John Feal, a recovery worker at the World Trade Center site and a longtime activist for extending the 9/11 Victim Compensation Fund told Fox News' Shepard Smith on Thursday that "they're going to have to Tase me" if lawmakers can't pass a bill to extend the fund before the anniversary of the terrorist attacks.
Senate Majority Leader Mitch McConnell, R-Ky., told Feals and other first responders in a closed-door meeting on Tuesday that he'll hold a vote in August on whether to extend the $7.4 billion fund. It benefits first responders who developed diseases after inhaling noxious fumes during recovery efforts and while clearing rubble at the trio of attack sites: the World Trade Center, the Pentagon and Shanksville, Pa. The money is expected to run out by December 2020.
Feals said Wednesday he would take McConnell "at his word" after previously slamming the lawmaker for his inaction. "I'm better, but I'm never gonna say I'm happy, because of how long it's taken us to get here," Feals said.
In Tuesday's meeting, Feals and his colleagues gave McConnell the badge of retired NYPD Det. Luis Alvarez, who gave what was expected to be his final interview to Shepard Smith on Thursday. Alvarado suffers from liver failure after his battle with cancer, a result of his service after 9/11.
"Lou's legacy will be that of sacrifice, another 9/11 hero who sacrificed himself to go to D.C. to shame lawmakers into being Americans, into being human beings and to show an ounce of humanity and it's going to be the 182nd funeral that I go to," Feals said Wednesday about Alvarez, who is now in hospice care.
Feals added: "You know we came out of that meeting with Senate Majority Leader Mitch McConnell and I cried. And then everybody asks me why do you always cry? It's because I'm better than the 535 members of Congress in the Senate because I have humanity — because I see people suffering. So when I get angry, I cry.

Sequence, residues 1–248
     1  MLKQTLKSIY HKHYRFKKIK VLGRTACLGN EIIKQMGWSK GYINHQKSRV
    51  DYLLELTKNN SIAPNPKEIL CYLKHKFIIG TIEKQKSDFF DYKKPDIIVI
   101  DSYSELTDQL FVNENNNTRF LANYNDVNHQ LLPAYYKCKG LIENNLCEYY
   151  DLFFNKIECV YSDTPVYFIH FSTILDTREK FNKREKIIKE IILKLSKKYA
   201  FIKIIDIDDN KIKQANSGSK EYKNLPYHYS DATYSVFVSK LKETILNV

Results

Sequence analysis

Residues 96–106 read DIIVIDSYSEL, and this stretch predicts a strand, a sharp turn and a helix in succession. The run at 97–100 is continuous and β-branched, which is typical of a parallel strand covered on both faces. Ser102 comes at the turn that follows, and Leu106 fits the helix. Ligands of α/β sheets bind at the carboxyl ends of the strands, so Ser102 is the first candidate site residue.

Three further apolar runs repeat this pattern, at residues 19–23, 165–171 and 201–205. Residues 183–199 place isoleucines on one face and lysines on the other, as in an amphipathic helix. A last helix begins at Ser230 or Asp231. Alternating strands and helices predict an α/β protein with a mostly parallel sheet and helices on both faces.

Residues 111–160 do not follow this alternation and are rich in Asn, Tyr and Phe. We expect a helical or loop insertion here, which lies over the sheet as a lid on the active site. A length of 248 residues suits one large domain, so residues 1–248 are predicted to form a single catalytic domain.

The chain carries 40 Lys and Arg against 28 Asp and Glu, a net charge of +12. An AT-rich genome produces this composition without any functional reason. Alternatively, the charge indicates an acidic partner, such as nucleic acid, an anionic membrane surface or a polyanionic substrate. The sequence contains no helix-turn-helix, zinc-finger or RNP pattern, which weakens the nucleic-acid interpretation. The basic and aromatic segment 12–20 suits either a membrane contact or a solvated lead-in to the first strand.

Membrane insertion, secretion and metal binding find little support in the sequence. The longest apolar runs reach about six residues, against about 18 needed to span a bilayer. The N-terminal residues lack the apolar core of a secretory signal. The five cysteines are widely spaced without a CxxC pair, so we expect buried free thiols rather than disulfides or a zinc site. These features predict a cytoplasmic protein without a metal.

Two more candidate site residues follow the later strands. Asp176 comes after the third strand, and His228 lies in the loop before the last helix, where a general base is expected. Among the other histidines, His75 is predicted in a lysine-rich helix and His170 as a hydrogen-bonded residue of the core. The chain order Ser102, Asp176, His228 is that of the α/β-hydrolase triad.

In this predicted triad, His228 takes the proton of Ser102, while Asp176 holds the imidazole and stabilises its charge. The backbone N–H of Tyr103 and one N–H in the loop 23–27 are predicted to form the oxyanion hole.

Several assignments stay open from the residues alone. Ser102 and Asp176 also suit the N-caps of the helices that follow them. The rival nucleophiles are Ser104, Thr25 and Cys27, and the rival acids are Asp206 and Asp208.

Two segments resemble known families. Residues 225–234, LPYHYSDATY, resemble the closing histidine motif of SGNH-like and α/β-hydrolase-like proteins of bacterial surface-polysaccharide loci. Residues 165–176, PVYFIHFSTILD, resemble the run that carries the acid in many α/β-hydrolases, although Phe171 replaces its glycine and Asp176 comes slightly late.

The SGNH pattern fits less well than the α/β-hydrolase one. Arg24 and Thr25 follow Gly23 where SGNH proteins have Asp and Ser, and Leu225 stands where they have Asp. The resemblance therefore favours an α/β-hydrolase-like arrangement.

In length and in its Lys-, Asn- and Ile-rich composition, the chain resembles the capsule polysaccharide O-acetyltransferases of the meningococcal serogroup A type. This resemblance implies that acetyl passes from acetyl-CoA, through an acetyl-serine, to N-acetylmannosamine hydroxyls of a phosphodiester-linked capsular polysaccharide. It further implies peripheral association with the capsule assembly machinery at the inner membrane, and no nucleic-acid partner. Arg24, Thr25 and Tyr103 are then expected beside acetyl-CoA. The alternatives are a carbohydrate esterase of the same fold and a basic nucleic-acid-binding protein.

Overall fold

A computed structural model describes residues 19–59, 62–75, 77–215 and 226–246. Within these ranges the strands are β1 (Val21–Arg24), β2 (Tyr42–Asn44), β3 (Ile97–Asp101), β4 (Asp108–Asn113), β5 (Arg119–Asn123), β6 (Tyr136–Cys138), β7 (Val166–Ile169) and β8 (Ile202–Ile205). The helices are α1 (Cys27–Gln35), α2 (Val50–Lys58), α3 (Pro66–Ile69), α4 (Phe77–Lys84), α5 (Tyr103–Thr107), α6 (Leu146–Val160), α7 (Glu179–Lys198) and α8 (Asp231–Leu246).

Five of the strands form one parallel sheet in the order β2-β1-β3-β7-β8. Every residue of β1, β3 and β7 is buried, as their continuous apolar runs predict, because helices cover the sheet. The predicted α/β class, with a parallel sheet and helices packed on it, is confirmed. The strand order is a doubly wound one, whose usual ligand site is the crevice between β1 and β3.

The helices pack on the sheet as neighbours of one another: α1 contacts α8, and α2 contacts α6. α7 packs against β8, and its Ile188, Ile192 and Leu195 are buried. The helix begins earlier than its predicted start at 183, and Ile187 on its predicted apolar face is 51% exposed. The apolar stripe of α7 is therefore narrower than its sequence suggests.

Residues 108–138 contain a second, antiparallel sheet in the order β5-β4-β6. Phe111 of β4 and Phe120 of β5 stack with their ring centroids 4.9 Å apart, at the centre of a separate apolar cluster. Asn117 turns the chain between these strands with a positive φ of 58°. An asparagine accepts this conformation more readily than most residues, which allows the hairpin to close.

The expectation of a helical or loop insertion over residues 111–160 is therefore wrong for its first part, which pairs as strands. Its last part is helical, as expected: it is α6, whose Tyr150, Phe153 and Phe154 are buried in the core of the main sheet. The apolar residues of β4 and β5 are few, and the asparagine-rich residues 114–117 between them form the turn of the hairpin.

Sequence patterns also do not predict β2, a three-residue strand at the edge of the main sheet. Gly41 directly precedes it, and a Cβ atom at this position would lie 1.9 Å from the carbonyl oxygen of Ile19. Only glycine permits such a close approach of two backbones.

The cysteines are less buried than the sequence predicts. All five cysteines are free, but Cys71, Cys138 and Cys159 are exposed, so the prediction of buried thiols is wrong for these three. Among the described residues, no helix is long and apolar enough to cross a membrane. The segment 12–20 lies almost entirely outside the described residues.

So I'm not embarrassed to say I cry. So if Mitch McConnell and Nancy Pelosi and other members of leadership on both sides of the aisle — try crying, because it really does cleanse the soul."
Feals said he blames a combination of "bad leadership, poor politics, political affiliations [and] tribal loyalty," for the delay and pushback against passing legislation to extend funding until 2090 – the anticipated lifespan of first responders who suffer from illnesses.
More than 2,000 firefighters, police officers, federal agents and other first responders have died from 9/11-related diseases and that number is expected to climb over time, according to the Centers for Disease Control and Prevention's World Trade Center Health Program.
Funding for the bill was slashed to 70 percent in February when the Justice Department said the money was running dry, a source of deep frustration for advocates who want to see victims and families given the financial security to cope with lingering diseases from the attacks.
"I can't answer for them," Feals said of lawmakers who oppose leaving the bill open-ended. "But what I can answer for is tens of thousands of people that desperately need this relief. People like Lou Alverez's family that get that economic relief, so when they're gone and they pass away, that they're not left in financial ruin.
"This is just un-American; it's unpatriotic."